One hundred and thirty-six Somali refugees and 20 Ethiopian refugees have been resettled in the city of St. Louis Park, which had a population in 2015 of 48,534.
The state of Minnesota is home to the largest Somali community in the United States, most of whom live in the Minneapolis-Saint Paul metropolitan area.
In a presentation made to the St. Louis Park Multicultural Advisory Committee, Human Rights Commission, and Police Advisory Commission in August 2016, Minnesota State demographer Susan Brower reported the city’s 2015 population was 48,354, and had grown slightly less than 1.5 percent annually between 2010 and 2015.
During the 2010-2014 period, 80 percent of the city’s population, or 37,056 out of 46,466, was white non-Hispanic, according to Brower.
Twenty percent of the city’s population during the 2010-2014 period, or 9,400 out of 46,466, were Populations of Color: 3,329 were black; 2,052 were Latino; 2,051 were “Multi-Other;” 1,790 were Asian; and 188 were American Indian, Brower reported.
Neither the Hennepin County Health Department, the Minnesota Department of Health, nor the St. Louis Park School District disclosed whether the individual diagnosed with active TB was a foreign-born refugee, a foreign-born resident with a different original immigration entry status, or U.S.-born.
St. Louis Park Public Schools did not respond to questions from Breitbart News as to the percentage of the 1,400 students who attend St. Louis Park High School who are refugees.
St. Louis Park High School employs two English Language Learner (ELL) teachers.
The St. Louis Park Public Schools website states that “over 250 children [receive] ELL services” out of the district’s 4,590 students (K-12), about five percent of all enrolled students.
“The school district says someone who had TB but was unaware was inside the building while contagious during the months of September, October and November. The school has about 1,400 students,” WCCO reported.
The testing of students for latent TB is voluntary and is planned to take place at the end of January.
The TB bacteria is transmitted from a contagious individual with active TB to a healthy individual through air droplets from coughing, sneezing, or other methods of contact.
Once the TB bacteria is in a person’s system, he has latent TB, which is neither active nor contagious, but which can develop into active contagious TB.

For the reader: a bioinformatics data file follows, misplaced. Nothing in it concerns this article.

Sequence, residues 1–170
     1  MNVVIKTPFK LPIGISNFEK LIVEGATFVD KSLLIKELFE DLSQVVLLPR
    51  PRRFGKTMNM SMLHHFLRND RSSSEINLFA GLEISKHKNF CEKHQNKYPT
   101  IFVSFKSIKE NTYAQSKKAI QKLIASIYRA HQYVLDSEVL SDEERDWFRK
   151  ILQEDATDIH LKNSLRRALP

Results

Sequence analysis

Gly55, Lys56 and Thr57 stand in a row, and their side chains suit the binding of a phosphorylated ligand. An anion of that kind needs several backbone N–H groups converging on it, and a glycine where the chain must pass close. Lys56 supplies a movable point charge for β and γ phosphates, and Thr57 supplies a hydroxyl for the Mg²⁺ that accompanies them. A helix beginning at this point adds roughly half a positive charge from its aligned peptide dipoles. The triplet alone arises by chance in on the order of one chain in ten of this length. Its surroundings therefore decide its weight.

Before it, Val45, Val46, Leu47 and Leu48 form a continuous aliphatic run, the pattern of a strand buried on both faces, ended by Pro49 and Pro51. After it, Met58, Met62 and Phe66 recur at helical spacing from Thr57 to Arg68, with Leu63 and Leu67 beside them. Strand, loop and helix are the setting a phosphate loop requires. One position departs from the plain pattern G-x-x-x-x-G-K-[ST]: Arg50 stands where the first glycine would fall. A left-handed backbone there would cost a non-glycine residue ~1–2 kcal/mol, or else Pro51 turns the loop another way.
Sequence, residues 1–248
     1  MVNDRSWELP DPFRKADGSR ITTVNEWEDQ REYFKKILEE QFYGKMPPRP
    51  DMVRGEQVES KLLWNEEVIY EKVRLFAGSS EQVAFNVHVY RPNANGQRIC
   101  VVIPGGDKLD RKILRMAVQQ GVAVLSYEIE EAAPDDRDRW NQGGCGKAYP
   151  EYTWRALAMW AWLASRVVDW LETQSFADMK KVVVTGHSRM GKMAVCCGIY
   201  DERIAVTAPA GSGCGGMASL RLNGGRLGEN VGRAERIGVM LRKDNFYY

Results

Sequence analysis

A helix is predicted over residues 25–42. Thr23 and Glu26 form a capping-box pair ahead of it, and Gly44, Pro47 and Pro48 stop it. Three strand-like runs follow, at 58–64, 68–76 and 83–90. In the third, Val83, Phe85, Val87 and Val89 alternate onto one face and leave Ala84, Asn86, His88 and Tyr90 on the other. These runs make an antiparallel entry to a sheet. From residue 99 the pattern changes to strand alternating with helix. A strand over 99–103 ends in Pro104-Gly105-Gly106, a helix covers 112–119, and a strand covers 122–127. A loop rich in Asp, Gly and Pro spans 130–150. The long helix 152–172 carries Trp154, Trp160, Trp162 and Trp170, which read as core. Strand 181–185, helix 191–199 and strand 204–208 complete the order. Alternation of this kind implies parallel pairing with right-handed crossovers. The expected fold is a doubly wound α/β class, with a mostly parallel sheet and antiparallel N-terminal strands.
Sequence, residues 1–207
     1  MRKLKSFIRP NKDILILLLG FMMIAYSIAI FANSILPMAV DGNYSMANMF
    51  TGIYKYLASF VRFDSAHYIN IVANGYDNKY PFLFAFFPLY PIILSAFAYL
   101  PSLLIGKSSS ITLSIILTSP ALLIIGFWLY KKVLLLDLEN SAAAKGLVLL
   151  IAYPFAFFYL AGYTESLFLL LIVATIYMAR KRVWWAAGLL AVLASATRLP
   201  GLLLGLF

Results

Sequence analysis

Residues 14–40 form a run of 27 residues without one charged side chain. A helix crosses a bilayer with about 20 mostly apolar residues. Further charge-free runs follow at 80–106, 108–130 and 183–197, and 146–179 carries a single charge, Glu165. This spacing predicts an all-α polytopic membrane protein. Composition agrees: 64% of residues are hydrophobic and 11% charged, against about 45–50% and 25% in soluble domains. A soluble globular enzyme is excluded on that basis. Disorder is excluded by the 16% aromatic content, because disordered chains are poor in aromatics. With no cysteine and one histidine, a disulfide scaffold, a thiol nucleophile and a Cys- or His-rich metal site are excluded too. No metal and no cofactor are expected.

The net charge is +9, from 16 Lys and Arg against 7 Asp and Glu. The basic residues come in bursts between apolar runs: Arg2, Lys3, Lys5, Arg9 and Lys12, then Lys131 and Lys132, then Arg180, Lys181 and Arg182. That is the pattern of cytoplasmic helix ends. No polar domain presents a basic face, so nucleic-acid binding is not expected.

Only four percent of the general population has latent TB. Foreign-born residents of the United States, and refugees in particular, have a much higher rate of latent TB, ranging from 11 percent in Florida to 35 percent in Vermont.
Twenty-two percent of refugees arriving in Minnesota tested positive for latent TB in 2014.
Ten percent of those who have latent TB in the general population develop active TB at some point.
According to several recent medical studies, including one done in 2013 at the University of California at San Diego, refugee communities with high rates of latent TB experience a higher rate of activation than the general population. This difference may be due to the greater stresses placed on their immune systems.
In that U.C. San Diego study, the problem was particularly acute among refugees from sub-Saharan Africa, primarily Somalis and Ethiopians:
The prevalence of LTBI [latent tuberculosis infection] was highest among refugees from sub-Saharan Africa (43 percent) and was associated with current smoking and having a clinical comorbidity that increases the risk for active tuberculosis.
Although refugees from sub-Saharan Africa had the highest prevalence of infection, they were significantly less likely to initiate treatment than refugees from the Middle East. Refugees with postsecondary education were significantly more likely to initiate LTBI treatment.
The study also showed that “public health strategies are needed to increase treatment rates among high-risk refugees with LTBI. Particular attention is required among refugees from sub-Saharan Africa and those with less education.”
Breitbart News contacted the office of Sen. Amy Klobuchar (D-MN), the former county attorney for Hennepin County, for comment on the handling of the St. Louis Park High School active TB case by Minnesota officials, but did not receive a response.
Klobuchar is up for re-election in 2018. In November, President-elect Donald Trump lost the state of Minnesota to Hillary Clinton by 43,785 votes, only 1.5 percent of the more than 2.7 million votes cast in the state.
Before Trump’s electoral victory in November, Klobuchar’s seat was considered safe in 2018.
Public concerns about health, security, and crime related to high levels of refugee resettlement, however, helped power Trump’s wins in the nearby states of Wisconsin and Michigan, and his better-than-expected showing in Minnesota.
There is no evidence that the individual diagnosed with active TB at St. Louis Park High School in November was either foreign-born or a foreign-born refugee.
However, the six weeks concealment of the diagnosis from the public by Minnesota officials, combined with their failure to affirmatively declare whether the individual was foreign-born, a foreign-born refugee, or U.S.-born, all serve to heighten public distrust of public officials in Minnesota and fuel anti-incumbent sentiment just as Klobuchar begins to prepare for her re-election campaign.
Incumbent Governor Mark Dayton, a Democrat, has said he will not run for re-election to a third term in 2018, so that race is less likely to be influenced by anti-incumbent sentiment.